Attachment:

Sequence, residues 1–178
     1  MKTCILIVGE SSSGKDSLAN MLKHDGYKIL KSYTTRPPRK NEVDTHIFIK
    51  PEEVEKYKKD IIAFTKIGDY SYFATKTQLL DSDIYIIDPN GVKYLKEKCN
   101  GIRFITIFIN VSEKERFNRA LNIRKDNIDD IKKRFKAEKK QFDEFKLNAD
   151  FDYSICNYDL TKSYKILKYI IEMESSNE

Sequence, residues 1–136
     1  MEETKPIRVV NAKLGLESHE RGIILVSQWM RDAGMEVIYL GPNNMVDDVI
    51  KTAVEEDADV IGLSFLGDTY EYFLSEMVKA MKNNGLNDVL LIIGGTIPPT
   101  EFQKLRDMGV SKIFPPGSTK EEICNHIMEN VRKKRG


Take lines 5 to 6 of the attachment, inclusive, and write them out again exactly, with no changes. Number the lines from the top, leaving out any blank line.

   151  FDYSICNYDL TKSYKILKYI IEMESSNE

Sequence, residues 1–136